The Federal Government should embrace other sources of power generation. Countries like Sweden, Costa Rica, Nicaragua, Scotland, Germany, Uruguay, Denmark, China and the United States are using renewable energy. In Africa, Kenya and Morocco are boosting their energy supply with renewable energy.
Early in the year, Israel broke a new record by generating unprecedented amounts of electricity from renewable energy sources.
Nigeria can embrace the model employed by Bangladesh. With nearly half of its population without access to electricity, the country introduced the solar home systems (SHS) to provide electricity to households across the country.
By May 2017, over four million households in Bangladesh had benefitted from the project. The World Bank has hailed the SHS model of Bangladesh as the fastest growing solar home system programme in the world. The Federal Government should exploit other sources of power generation such as solar, wind and coal.
The event had in attendance the Head of the European Union Delegation in Nigeria, Ambassador Ketil Karlsen, Nadia Cannata, the Head of Section, Economic Co-operation and Energy and a wide mix of high profile attendees, including members of the diplomatic corps – Spanish, Polish, Italian and French embassies, bank executives, players in the renewable energy industry, entrepreneurs, celebrities, and students from the University of Lagos and Yaba College of Technology.
The event, which was anchored by Classic FM’s Ifeanyi Attamah, kicked off at 7:00 pm with an insightful opening speech by Ambassador Ketil Karlsen, who spoke on the current state of electricity in Nigeria, highlighting the major challenges being faced by the state.
He stated that renewable energy is a reliable solution to Nigeria’s expanding electricity problem, as it would help provide affordable and clean energy, as well as job opportunities and development for businesses and industries. He highlighted that one of the European Union’s major goals is to ensure that by 2030, 32% of energy in the world would be renewable.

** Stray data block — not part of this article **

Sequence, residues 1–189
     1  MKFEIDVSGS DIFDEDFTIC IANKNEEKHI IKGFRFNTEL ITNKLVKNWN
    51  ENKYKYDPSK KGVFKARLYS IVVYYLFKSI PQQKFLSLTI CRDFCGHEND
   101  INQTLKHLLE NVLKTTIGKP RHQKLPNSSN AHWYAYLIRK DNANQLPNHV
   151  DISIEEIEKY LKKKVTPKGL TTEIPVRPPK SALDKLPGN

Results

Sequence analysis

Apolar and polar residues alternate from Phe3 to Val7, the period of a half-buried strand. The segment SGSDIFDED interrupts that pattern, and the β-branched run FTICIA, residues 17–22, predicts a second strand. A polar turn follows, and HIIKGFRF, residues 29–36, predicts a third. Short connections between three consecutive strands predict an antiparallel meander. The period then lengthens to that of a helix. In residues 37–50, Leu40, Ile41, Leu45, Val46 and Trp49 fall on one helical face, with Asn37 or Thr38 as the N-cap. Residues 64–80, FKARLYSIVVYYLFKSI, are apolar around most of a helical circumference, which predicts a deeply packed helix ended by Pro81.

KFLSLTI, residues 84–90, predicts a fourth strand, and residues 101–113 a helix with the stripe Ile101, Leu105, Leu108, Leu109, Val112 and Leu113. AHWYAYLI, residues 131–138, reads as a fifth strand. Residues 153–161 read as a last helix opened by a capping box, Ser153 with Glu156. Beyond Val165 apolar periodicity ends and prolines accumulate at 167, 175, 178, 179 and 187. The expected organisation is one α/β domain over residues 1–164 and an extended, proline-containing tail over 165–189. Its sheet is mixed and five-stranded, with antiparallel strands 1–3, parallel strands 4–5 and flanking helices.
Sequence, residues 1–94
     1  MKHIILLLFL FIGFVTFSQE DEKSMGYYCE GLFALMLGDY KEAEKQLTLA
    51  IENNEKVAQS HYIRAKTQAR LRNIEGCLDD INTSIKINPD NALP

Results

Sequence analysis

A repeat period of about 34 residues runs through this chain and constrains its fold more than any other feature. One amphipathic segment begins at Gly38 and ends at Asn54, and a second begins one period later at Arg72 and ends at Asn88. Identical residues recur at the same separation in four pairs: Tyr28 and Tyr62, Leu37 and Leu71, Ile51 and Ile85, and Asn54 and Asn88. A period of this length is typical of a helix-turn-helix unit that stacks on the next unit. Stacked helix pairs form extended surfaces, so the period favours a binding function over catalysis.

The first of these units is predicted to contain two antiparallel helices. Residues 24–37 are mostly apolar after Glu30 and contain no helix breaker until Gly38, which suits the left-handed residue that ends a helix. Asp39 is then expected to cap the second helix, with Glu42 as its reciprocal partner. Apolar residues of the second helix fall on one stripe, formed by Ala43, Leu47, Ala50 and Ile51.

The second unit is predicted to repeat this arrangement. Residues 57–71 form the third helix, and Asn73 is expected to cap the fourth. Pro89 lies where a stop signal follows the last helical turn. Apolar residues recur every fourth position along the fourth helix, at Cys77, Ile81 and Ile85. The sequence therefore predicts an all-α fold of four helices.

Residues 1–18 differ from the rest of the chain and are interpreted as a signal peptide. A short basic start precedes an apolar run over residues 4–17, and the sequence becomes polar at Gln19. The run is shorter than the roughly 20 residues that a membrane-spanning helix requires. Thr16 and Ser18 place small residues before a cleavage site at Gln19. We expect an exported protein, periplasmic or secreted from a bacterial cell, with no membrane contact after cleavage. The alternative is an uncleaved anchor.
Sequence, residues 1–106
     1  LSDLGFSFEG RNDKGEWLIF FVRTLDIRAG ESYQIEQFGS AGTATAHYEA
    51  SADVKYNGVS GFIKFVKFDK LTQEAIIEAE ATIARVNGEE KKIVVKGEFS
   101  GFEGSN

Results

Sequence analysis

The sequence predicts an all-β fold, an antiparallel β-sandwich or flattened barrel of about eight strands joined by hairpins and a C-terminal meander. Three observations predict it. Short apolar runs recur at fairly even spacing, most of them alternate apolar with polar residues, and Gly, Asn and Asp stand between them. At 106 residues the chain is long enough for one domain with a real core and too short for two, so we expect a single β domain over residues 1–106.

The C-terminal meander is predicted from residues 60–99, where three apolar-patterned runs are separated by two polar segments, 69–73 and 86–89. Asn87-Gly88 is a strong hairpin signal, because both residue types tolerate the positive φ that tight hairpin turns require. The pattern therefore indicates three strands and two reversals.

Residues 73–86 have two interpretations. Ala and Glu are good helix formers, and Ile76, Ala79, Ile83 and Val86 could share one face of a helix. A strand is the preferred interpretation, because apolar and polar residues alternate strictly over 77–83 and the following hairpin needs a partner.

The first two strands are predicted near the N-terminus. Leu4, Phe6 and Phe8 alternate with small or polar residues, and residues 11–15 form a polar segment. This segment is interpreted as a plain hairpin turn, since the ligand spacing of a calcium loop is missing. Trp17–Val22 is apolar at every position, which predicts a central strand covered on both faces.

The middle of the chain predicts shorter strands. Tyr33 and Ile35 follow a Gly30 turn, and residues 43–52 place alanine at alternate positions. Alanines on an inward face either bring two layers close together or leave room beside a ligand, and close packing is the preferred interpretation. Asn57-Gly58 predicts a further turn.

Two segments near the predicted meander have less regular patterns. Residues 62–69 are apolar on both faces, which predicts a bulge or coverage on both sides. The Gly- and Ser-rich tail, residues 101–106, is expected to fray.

He also stated that renewable energy would be instrumental in facing the challenge of climate change, as he recalled his recent visit to Northern Nigeria, which, according to him, is a perfect representation of the effects of climate change.
He further opined that solving these challenges could be described as ‘fixing an aeroplane while flying’ as the country is still rapidly growing. He admonished the audience to actively participate in solving the issue of climate change, stating that the responsibility shouldn’t be left to the government alone, but that individuals, families and businesses must take action together.
The Ambassador highlighted a recent laudable achievement of the European Union towards environmental sustainability and development in Nigeria: the recent inauguration of solar WASH facilities in Kwi (a village outside Jos), which has helped provide clean drinking water and boost sanitation and hygiene for the inhabitants of the village.
He stated that the European Union plans to ensure that progress is made on a large scale by increasing investments in the sector, ensuring that solar panels are produced in Nigeria, hence creating job opportunities for the citizens. He encouraged guests, especially youths, to pass on the message, stating that they have the power to decide the future.